It's officially cold and flu season at Sugar HQ. While there are more desks than usual sitting empty — a telltale sign of a co-worker resting at home — I'm also surrounded by the sounds of my colleagues' coughs and sniffles. Not without blame, I'm part of this crew. In my defense, I did stay home through the worst of my cold and returned to the office today with only a slight cough.
A recent article in the Boston Globe explored the delicate balance of handling a sick co-worker and the best way to tell them to skedaddle when they're too sick to work. Working at the office won't do much to further their wellness, says the article, and of course the infected risk spreading their germs from cubicle to cubicle like a wildfire. In the time of the swine, no one wants to be sitting next to the person hacking up phlegm.
To find out how to tell a sick colleague to go home, read more.
How do you tell a dedicated employee to go home and rest, and ultimately do you say anything at all? The article suggests the polite approach: "‘It looks like you’re not feeling well, you really should be at home because that’s where you’re going to recover and recuperate. How can I help you wrap up what you’re doing so you can get home?’’’ But sometimes going home means no pay — what about those employees who cannot afford to take the time off? Do we just stock up on extra bottles of hand sanitizer and cross our fingers that we'll remain unscathed?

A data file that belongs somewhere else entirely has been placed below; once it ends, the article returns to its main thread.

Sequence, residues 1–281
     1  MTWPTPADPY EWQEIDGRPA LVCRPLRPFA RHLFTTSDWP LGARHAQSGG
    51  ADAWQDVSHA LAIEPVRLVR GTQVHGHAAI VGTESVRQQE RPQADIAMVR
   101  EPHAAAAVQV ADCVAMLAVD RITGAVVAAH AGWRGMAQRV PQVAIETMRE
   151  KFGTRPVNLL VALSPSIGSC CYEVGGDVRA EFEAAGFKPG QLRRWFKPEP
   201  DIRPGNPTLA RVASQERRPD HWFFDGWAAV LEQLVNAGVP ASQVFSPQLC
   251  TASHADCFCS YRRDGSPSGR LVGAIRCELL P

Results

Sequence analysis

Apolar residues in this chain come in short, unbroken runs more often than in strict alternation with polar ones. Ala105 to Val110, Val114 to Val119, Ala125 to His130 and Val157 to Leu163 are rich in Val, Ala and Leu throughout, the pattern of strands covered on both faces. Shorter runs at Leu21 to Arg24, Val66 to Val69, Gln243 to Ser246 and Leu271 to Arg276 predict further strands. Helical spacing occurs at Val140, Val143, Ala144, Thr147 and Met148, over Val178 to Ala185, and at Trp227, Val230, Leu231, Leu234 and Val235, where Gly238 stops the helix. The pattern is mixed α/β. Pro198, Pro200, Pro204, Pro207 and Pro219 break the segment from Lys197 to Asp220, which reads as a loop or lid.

It still seems better for one employee to take a few days off then risk infecting the entire staff, but in every office environment you're bound to encounter people who don't feel comfortable missing work. If that's the case, the article suggests sending around "an e-mailed link to one of the many humorous videos floating across the Web that encourage good disease etiquette, such as coughing into the crook of the elbow and washing hands frequently." This doesn't seem like much of a solution, but it should brighten up the day of those feeling under the weather. Laughter is always good medicine in my book.
This article definitely raises a pertinent question: Would you be able to tell a sick co-worker to go home? How would you handle it? Please share your ideas with me in the comments section below.